How do you know if your cyber security is adequate?

Increasing cyber security provision is the top technology concern for SME businesses. This isn’t a surprise when 81 per cent of SMEs in the UK reported at least one data breach or cyber-attack in 2020.

Cyber security and GDPR are closely linked, together they provide the foundational assurances that your data is used and protected appropriately. It’s important to keep in mind that cyber risks come from internal breaches as well as attacks on vulnerabilities in your business and in your supply chain. 90 per cent of data security issues were caused by human error in 2019, according to the UK Information Commissioner’s Office (ICO).

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Covid-19 created a surge in home working and as a result the attack surface of organisations increased. In 2020 there was a sevenfold rise in ransomware attacks and this is a trend that’s likely to continue. It’s become a case of when, not if you will face a security issue.

Spending upfront on cyber protection won’t generate an immediate financial return but it will save you recovery costs. In one incident a UK SME was faced with a £1 million cyber security bill after a ransomware attack brought down their entire production capability for several weeks. The business lost all their documents and were left with pallets of unusable computer equipment.

The benefits of a robust cyber security strategy aren’t just financial, they include regulatory and customer confidence. Many SMEs are third-party suppliers and partners in vast networks belonging to larger organisations. SMEs are under increasing pressure to prove their security credentials, or risk losing access to lucrative business opportunities.

GDPR regulations are part of UK law. GDPR has placed greater emphasis on transparency, accountability, data security plus other technical and business controls. The regulation has also increased the rights of Individuals over their personal data.

The question is often asked how GDPR is impacted by Brexit, and the answer is, very little. At the time of writing the requirements are largely still the same. This may change over the next 12 months as we move from the EU to a UK model so it’s important to keep up to date. 

Key questions to ask of your business

Are adequate cyber security protections in place both in technology, people and process?
Are your teams aware of cyber security threats and the importance of their role in mitigating them?
Are GDPR regulations complied with?

What does this often look like in average SMEs?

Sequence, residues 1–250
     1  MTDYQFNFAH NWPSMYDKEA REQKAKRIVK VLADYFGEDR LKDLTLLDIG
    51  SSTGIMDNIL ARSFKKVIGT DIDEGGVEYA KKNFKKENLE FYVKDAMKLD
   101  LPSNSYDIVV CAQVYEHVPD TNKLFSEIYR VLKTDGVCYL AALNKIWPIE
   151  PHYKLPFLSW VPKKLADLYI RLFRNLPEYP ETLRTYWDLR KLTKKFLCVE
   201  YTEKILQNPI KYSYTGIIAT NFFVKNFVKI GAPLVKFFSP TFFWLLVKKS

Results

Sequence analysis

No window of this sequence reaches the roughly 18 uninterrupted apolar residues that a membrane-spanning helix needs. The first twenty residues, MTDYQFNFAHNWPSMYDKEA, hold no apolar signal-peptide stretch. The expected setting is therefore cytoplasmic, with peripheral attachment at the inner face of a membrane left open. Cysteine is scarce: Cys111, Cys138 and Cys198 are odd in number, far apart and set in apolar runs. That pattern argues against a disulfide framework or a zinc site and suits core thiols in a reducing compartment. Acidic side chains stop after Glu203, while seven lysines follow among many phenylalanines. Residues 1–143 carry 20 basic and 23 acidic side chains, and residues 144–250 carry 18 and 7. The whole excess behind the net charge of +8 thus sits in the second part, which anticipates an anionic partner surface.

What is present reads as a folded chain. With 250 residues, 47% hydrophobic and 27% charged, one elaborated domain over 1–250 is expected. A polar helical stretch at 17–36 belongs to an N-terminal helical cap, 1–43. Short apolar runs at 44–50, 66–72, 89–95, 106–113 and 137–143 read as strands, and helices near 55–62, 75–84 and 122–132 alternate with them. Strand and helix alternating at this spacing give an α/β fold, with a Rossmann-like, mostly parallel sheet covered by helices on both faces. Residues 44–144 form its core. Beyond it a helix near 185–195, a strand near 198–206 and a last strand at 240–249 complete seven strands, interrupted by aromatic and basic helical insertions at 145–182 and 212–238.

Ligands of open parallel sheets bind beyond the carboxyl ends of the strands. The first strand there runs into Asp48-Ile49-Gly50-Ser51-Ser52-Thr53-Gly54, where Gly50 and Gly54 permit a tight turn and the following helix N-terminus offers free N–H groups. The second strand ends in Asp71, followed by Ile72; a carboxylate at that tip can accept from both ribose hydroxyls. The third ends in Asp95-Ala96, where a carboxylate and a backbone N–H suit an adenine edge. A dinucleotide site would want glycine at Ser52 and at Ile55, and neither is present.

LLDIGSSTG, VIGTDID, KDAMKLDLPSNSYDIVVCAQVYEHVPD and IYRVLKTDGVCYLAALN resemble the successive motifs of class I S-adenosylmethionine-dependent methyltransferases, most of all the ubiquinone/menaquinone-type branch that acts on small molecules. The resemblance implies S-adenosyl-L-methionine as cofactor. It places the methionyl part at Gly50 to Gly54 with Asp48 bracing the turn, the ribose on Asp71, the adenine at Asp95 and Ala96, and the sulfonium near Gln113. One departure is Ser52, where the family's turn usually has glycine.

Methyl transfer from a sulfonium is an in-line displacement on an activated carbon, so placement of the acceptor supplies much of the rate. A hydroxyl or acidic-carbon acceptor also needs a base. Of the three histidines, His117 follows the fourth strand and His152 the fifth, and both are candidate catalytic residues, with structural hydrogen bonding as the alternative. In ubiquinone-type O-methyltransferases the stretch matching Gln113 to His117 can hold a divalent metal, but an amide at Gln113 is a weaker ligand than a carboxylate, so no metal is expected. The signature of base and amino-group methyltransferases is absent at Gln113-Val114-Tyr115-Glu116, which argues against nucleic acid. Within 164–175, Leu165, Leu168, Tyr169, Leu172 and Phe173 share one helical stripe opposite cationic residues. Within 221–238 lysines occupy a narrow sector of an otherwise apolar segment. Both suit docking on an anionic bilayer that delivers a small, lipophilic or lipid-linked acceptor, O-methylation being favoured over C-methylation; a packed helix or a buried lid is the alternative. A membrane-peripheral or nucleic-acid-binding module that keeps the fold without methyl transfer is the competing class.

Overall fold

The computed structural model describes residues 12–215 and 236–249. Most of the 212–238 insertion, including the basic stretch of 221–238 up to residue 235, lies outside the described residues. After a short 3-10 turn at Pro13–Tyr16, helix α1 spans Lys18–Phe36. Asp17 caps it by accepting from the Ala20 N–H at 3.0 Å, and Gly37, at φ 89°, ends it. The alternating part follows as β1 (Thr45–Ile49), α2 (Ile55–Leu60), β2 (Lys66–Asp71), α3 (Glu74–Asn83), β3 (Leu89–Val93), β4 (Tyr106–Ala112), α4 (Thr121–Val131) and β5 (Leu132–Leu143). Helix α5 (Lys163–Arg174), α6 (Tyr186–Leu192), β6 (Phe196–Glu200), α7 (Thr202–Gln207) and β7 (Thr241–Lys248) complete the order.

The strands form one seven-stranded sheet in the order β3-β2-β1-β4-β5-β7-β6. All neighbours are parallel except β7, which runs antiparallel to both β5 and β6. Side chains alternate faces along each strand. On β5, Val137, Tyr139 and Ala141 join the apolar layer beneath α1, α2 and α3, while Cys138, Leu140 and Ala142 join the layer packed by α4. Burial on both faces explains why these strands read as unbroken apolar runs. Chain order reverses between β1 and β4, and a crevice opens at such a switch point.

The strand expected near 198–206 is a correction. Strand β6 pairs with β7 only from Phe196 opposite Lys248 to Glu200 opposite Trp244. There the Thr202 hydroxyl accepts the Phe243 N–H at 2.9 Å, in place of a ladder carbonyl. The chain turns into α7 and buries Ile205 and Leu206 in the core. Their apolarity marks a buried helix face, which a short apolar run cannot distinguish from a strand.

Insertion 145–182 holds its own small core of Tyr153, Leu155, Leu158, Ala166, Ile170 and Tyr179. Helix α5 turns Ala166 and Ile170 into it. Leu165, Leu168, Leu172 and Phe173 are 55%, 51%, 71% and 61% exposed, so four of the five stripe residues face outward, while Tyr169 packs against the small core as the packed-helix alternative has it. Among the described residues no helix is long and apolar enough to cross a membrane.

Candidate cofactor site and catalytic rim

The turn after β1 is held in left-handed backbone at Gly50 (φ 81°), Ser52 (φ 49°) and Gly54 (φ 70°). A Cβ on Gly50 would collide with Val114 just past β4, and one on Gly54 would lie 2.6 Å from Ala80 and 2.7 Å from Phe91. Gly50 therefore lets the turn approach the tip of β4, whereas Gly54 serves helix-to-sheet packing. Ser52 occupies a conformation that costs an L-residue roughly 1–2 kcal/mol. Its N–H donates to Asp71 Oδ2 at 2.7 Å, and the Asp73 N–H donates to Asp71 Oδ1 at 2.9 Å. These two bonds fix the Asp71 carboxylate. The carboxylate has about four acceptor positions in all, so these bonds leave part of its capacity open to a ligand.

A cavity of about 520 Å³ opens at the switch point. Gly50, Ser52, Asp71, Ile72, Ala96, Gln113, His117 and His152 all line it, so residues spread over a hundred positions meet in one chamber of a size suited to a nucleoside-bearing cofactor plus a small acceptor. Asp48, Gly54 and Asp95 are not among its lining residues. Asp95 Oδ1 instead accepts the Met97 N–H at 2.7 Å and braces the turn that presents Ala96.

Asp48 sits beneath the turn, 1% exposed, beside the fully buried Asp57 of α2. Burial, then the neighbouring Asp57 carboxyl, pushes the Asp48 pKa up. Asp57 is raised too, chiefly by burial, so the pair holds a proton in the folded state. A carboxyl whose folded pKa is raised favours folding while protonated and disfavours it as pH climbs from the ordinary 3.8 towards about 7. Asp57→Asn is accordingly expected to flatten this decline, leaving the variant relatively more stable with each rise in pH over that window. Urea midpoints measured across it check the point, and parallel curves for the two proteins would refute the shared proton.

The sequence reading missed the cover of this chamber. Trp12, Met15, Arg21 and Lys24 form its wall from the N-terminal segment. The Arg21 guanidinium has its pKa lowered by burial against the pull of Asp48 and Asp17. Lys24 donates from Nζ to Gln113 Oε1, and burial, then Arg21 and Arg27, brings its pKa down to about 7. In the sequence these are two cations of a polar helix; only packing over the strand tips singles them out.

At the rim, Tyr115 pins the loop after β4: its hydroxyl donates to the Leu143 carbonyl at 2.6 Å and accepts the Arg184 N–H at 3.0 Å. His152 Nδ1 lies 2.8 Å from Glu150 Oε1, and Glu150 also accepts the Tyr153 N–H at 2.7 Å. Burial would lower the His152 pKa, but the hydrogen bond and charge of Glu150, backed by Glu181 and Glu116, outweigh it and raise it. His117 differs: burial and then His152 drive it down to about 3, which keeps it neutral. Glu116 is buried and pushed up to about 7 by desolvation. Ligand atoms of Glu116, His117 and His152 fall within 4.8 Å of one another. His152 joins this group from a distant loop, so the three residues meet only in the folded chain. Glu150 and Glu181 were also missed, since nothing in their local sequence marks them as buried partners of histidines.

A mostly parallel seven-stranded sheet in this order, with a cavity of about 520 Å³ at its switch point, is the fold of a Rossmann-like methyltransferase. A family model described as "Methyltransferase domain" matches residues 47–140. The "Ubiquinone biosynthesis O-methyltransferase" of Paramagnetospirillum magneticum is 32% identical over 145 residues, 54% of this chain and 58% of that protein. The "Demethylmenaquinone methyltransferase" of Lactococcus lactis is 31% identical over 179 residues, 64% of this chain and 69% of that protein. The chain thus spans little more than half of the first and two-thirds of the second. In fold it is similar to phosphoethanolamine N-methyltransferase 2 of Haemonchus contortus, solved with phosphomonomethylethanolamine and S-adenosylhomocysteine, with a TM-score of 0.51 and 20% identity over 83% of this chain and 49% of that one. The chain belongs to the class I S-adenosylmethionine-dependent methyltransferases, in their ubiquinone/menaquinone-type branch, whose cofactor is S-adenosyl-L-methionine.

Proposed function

increasing numbers of SMEs now have a cyber security strategy in place, but some are implemented inconsistently with ad-hoc risk assessments and ad-hoc security training. System access is often broad and open with only basic processes in place for starters and leavers.

It’s common to find an absence of Multi-factor Authentication (MFA), infrequent cyber security compliance exercises, and little or no penetration testing of key applications.

Supplier risk management is a particularly challenging aspect of cyber security. Many SMEs have limited visibility into their supply chains, and lack the tools and expertise to evaluate cyber risks posed by suppliers.

At a basic level of GDPR compliance there should be a named person with responsibility for data protection within the business, an up to date GDPR policy with privacy notices meeting Article 13 and breach reporting processes in place.

What does good look like?

Mature SMEs with robust cyber security and a high level of GDPR compliance have accountability at senior level and board-level reporting, and regular awareness training for all staff.

The security risk is actively monitored, system access privileges are tightly aligned to roles under the ‘principle of least privilege’, regular penetration testing is undertaken and MFA is implemented across all systems and users.

Well protected businesses have achieved Cyber Essentials Plus or ISO27001 certification in order to demonstrate to their stakeholders that they can be better relied upon to manage security risks.

Mature businesses will undertake regular cyber security awareness training accompanied by periodic phishing simulation exercises to test whether awareness is improving among staff.

For SMEs lacking in house expertise or capacity, these services can easily be procured from third party specialists at reasonable prices.

The business has established control and oversight of their supply chain, implementing the recommendations in the National Cyber Security Centre Supply Chain Security Guidance.

Good GDPR compliance means the ability to deal with subject access requests and personal data breaches within the defined 72 hour period. Personal data processes are fully understood, documented, and appropriately assessed against the business’s appetite for risk. Marketing processes have an auditable trail to make sure they are supported by an appropriate legal basis.

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The benefits of a robust cyber security strategy and effective management of personal data aren’t just financial, they provide regulatory and customer confidence. Many SMEs are third-party suppliers and partners in vast networks belonging to larger organisations and therefore they are under increasing pressure to prove their security and data protection credentials, or risk losing access to lucrative business opportunities.

Rinkoo Pugal, Data Risk Solutions
Managing Director




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